By Ghassan Khatib – The West Bank
The domestic Israeli political scene and balance of powers have a very strong effect on the peace process and the domestic Palestinian scene. The Israeli balance of power is in turn deeply influenced by Israeli public opinion. The latter sets the limits for how far negotiators can go as well as for how far Israeli bulldozers may reach.
The Israeli public and its political elite have always fluctuated in terms of their vision and positions vis-a-vis the Palestinians and the occupied Palestinian territories. During the days of the late Yitzhak Rabin there seemed to be a consensus among the political and security elite that a peace process based on territorial compromise could produce an agreement. But the assassination of Rabin ushered in an era full of hesitation and indecisiveness in Israel as far as the end of the peace process was concerned.
The election of Ariel Sharon marked a third phase in which Israel developed a strategy that disregarded the peace process altogether. Instead, the Israeli government pursued a unilateral approach that, through very practical measures, sought a combination of functional and territorial divisions of the occupied territories. Thus, Israel unilaterally evacuated Gaza and erected a wall dividing the West Bank into populated and non-populated areas. That wall created a de facto functional division where in the parts of the West Bank inside the wall, i.e., the populated areas, Israel maintained security control and control over any resources while the Palestinian Authority was left with responsibility for services such as health and education.
The period after Sharon has witnessed a continuation of that strategy even if the negotiations process has been allowed to play a cosmetic role. On the ground, Israel is still determining the future of the occupied territories through unilateral measures including settlement expansion, the wall, restrictions on movement and the separation of different areas of Palestinian territory from each other, most dramatically severing Gaza and East Jerusalem from everywhere else. However, the outgoing Israeli government did pursue a negotiations process that, according to almost everybody involved, has little to no chance of achieving any agreement within the deadline set by US President George W. Bush in Annapolis last year.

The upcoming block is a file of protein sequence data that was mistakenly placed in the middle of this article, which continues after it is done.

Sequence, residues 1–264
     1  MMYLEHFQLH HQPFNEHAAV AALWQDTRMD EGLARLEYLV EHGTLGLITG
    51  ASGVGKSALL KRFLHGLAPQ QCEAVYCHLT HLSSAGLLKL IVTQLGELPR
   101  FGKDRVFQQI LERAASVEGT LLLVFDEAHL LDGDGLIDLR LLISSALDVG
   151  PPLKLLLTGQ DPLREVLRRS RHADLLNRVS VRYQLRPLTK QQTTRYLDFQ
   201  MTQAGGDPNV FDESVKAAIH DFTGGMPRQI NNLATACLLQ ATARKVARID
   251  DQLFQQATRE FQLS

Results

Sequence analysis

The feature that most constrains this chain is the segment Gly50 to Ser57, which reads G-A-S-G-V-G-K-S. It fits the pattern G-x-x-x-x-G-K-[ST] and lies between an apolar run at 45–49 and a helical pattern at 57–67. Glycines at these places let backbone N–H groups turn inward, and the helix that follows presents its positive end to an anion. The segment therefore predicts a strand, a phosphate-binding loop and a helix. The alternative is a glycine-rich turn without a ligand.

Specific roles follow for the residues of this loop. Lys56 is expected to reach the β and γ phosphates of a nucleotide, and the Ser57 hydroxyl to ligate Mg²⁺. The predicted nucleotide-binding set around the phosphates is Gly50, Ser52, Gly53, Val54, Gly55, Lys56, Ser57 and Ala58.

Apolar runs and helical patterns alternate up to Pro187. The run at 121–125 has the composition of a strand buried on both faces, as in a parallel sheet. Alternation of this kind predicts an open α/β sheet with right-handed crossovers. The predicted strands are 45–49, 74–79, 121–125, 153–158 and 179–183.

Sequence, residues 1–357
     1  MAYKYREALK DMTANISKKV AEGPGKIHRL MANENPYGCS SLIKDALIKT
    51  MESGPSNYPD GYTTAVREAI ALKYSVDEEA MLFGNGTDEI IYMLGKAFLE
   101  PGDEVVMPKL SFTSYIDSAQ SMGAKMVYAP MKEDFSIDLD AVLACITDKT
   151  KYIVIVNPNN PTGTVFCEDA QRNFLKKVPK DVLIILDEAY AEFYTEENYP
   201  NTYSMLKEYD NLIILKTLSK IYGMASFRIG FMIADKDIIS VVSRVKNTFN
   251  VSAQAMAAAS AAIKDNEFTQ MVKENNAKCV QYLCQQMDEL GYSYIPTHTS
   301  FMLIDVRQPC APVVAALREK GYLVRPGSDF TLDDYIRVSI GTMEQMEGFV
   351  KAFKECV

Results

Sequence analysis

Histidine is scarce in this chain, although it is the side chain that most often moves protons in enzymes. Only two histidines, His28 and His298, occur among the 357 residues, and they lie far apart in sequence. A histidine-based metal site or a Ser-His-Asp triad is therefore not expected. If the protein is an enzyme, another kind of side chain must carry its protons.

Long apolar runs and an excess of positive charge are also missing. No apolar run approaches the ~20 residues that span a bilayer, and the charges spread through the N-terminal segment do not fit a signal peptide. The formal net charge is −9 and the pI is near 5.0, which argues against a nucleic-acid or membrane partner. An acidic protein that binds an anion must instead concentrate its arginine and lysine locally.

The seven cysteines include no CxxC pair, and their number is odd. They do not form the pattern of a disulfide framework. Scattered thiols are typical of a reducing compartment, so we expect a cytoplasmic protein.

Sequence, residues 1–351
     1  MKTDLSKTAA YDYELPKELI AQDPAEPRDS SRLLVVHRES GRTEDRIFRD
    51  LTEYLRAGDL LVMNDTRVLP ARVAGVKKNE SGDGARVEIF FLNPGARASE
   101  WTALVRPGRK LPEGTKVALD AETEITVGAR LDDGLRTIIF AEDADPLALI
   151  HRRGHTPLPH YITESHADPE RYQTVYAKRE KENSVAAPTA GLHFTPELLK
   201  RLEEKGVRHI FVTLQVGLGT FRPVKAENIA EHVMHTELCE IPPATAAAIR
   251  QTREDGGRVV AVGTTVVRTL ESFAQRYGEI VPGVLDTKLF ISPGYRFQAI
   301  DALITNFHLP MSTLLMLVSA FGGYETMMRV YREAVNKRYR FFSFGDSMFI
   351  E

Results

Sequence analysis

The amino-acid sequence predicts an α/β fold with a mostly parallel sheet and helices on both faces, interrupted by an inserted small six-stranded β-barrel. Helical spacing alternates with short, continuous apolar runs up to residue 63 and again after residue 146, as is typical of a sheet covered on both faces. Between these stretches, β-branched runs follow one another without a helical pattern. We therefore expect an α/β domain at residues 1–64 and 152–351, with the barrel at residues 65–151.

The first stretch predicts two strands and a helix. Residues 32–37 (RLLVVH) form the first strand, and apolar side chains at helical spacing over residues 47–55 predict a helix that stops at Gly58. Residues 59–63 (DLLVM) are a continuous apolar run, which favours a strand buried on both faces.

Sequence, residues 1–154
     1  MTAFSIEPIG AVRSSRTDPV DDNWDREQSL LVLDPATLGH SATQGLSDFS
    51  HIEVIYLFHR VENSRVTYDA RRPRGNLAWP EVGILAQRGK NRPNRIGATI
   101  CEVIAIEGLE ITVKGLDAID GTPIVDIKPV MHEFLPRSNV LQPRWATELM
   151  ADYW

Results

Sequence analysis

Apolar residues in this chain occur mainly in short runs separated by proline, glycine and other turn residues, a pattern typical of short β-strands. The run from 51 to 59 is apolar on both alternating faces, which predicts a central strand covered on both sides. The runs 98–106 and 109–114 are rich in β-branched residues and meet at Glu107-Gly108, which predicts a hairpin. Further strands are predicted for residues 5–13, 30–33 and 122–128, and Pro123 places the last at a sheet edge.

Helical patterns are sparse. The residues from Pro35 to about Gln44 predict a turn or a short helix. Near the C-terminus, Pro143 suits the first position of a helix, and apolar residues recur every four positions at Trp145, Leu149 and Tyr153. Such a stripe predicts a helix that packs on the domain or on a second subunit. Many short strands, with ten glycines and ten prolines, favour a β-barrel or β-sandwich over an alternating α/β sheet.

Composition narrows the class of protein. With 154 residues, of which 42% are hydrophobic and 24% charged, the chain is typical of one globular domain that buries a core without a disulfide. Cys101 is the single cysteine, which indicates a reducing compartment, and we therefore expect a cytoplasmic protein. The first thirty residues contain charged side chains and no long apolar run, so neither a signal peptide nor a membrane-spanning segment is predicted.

The gradual weakening of the current Israeli government led by Ehud Olmert that has led to the early elections came about as a result of both political/peace process and domestic/corruption factors. On the one hand, this reflects a return to a period of Israeli hesitation and weakness, and on the other it serves to further weaken the negotiations process, such as it is, rendering it completely meaningless.
The Israeli elections may have several negative consequences. First, they will paralyze the political and negotiations process (which wasn’t expected to bear fruit anyhow). Second, and most importantly, they will only bring a continuation of the unilateral Israeli practices that have been pursued over the last six years. These, detailed above, have in turn left several deep marks on the Palestinian side, most notably by contributing to the process of radicalization in Palestinian society. This process culminated in the election of Hamas and eventually the Islamist movement’s military takeover of Gaza, which further consolidated the fragmentation of the Palestinian territory. This, in turn, will only undermine the two-state solution.
Third, Israeli elections will provide a new opportunity for the right wing in Israel to make greater headway in its anti-peace settlement expansion project.
What has further aggravated the situation has been the inconsequential role of the international community, which, under US leadership, has veered between ineffectiveness and partiality. The lack of a balanced and determined international position will only magnify the effect on the peace process of the coming Israeli elections.
– Ghassan Khatib is coeditor of the bitterlemons family of internet publications. He is vice-president of Birzeit University and a former Palestinian Authority minister of planning. He holds a PhD in Middle East politics from the University of Durham. (Originally published in Bitterlemons – bitterlemons.org – November 3, 2008)